One of the most detrimental effects of how addiction is portrayed in the media is the language people use. Words like ‘addict’, ‘junkie’, ‘alcoholic’ and ‘drunk’ can be damaging to someone suffering with a substance use disorder. As well as being hurtful, using the wrong terminology can also be harmful in terms of them asking for help or seeking medical treatment. It may also make the person feel more anxious or depressed.
The National Institute on Drug Abuse has these recommendations:
Rather than blaming or shaming, using first-person language shows that substance use disorder is an illness and that it is the person that has a problem rather than the person being the problem.
Over the years here at Delamere we have established our own way of communicating with our guests that helps them feel respected, valued and empowered. During one-to-one sessions with our therapists you can talk freely about your thoughts and experiences, without judgement, to help you step away from addiction and towards a better life.
Social media is a huge stress for parents of this generation. As if constant selfies weren’t bad enough, celebrities such as Justin Bieber and popular influencers on TikTok and Instagram are glamorising the party lifestyle. Seeing successful people showing off their substance use in lavish surroundings tells young people it’s OK to binge drink and take drugs. Not only that, but watching their peers engage in fun times with alcohol and drugs only makes teens want to try them more.
With tobacco, alcohol and e-cigarette industries using social media in their marketing strategies, teens are exposed to substance use on social media in numerous ways that are all very hard to regulate. Several studies have tried to determine the link between social media use, alcohol addiction and drug addiction. One study showed that teenagers who regularly used social media were five times more likely to buy cigarettes, three times more likely to drink and twice as likely to use marijuana. Another found a link with problematic drinking and emotional problems. (3) But, with so many variables, more research is needed to establish a direct connection.
Unfortunately social media is, in itself, also very addictive both physically and psychologically. The feelings of pleasure and reward (in the form of likes) it gives the user has the same effect on the brain as an addictive substance. If you think your teen, or someone else you know, has an unhealthy relationship with social media or is showing signs of addiction to alcohol or drugs, we can help.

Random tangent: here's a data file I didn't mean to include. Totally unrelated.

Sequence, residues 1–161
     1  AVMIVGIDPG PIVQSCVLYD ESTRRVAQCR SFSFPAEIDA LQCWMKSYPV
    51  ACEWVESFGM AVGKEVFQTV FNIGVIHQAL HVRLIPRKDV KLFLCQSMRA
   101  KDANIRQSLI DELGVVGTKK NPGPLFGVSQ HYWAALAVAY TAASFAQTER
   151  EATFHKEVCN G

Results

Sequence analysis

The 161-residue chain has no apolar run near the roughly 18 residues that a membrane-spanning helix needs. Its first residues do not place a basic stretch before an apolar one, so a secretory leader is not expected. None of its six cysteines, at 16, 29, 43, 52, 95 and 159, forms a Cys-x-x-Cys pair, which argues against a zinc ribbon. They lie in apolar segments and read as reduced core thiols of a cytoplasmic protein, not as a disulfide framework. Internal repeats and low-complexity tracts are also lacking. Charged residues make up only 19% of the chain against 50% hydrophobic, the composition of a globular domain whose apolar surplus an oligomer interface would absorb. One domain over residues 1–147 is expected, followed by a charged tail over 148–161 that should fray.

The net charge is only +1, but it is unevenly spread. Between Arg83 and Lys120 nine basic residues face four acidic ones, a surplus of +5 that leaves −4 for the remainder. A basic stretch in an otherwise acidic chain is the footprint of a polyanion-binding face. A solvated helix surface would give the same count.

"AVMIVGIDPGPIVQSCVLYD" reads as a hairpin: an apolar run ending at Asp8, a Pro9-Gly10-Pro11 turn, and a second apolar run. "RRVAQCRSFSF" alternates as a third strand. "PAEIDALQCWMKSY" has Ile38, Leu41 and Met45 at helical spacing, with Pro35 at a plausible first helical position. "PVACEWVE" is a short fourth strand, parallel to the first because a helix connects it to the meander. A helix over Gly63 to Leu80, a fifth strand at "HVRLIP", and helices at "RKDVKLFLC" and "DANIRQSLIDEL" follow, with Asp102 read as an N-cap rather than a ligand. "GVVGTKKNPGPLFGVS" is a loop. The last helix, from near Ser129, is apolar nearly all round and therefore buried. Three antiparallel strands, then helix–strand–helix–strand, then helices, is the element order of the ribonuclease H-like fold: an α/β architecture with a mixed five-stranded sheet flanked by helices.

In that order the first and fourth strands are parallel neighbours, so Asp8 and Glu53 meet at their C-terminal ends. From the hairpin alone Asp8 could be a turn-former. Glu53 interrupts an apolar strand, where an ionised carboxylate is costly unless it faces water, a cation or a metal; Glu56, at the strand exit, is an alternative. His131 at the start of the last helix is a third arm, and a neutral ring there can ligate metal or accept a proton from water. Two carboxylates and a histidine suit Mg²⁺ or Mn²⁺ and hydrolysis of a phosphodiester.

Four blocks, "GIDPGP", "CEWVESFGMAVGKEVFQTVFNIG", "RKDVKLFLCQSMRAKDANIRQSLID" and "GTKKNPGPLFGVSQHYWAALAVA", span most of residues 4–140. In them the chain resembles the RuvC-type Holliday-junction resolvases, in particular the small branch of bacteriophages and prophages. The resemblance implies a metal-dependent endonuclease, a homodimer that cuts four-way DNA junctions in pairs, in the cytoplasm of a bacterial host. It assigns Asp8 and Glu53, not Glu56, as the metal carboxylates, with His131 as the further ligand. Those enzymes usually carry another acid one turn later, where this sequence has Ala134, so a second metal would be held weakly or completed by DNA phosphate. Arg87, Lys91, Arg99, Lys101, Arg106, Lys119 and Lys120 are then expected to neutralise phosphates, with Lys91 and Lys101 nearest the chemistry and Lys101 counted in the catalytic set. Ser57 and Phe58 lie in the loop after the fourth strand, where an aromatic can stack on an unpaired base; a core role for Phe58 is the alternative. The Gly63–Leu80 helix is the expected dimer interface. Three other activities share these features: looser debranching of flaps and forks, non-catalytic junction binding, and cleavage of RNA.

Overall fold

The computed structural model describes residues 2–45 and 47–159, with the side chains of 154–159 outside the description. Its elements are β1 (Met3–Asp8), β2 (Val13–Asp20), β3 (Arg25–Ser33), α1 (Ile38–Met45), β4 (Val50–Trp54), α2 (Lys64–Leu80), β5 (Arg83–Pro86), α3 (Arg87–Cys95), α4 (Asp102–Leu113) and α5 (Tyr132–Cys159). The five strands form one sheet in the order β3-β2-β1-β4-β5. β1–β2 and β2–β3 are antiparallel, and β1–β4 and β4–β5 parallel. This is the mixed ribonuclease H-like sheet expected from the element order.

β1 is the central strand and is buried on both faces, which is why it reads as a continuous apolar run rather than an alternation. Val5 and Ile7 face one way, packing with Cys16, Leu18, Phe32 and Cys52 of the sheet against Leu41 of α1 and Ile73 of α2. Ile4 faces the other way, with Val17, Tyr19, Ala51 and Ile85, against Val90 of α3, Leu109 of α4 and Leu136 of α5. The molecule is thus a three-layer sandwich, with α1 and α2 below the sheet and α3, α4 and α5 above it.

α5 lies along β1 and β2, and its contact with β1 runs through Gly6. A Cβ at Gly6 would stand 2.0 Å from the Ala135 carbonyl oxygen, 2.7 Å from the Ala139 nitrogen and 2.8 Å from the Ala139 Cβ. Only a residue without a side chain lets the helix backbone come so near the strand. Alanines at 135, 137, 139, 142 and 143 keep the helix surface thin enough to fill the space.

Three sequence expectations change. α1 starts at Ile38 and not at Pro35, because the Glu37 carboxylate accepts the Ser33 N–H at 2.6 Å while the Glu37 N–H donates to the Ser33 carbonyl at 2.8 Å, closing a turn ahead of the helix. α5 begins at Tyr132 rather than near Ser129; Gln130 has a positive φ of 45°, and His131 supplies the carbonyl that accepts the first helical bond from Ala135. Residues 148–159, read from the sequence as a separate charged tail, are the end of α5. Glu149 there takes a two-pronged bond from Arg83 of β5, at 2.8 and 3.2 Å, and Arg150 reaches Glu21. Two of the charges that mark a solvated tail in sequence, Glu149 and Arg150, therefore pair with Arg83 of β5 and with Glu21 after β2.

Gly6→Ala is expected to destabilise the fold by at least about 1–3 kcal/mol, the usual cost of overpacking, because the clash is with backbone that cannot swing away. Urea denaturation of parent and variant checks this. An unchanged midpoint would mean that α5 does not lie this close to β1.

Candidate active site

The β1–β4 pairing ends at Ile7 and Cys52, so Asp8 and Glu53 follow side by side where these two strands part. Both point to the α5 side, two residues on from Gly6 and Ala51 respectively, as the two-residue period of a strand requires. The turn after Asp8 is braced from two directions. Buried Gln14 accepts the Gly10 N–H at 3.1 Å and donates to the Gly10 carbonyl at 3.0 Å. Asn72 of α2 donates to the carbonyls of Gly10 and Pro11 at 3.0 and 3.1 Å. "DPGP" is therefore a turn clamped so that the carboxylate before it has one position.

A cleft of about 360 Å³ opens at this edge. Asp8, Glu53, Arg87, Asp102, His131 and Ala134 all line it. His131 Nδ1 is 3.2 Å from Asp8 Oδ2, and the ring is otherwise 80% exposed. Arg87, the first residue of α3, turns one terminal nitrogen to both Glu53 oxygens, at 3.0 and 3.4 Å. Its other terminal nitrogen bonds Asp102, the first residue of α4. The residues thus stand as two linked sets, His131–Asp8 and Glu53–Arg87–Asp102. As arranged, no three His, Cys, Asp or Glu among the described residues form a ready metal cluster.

While exposure to drugs in the media can play a role in addiction, there are many reasons why someone might turn to alcohol or substance abuse. At Delamere, we help our guests get to the root cause of their addiction and embark on a transformative journey in the tranquil surroundings of our forest retreat.
Every drug rehab programme begins with a clinical detox supported by our trained addiction specialists, who will your protect your mental and physical well-being at all times. After a safe and comfortable withdrawal, you will continue the recovery process with one-to-one counselling, group therapy sessions and a range of somatic healing experiences.
We believe in treating the person, not just the problem. So, whatever the source of your addiction, we will help you look at all aspects of your whole self – physical, psychological and emotional – to arrive at the best treatment plan. Our aim is the same as yours: to help you move out of addiction and on with your life.
1. According to a study by WHO in 14 countries, analyzing 18 potentially stigmatizing conditions – Source : Stigma, social inequality and alcohol and drug use (2008) – Robin Room et al. Online access, 16 June, 2018.
2. Singleton, N. (2010) Attitudes to drug dependence: Results from a survey of people.
3. CR Costello. Social Media and Substance Use: What should we be recommending to teens and their parents? Journal of Adolescent Health 60 (2017) 629-630 http://dx.doi.org/10.1016/j.jadohealth.2017.03.017.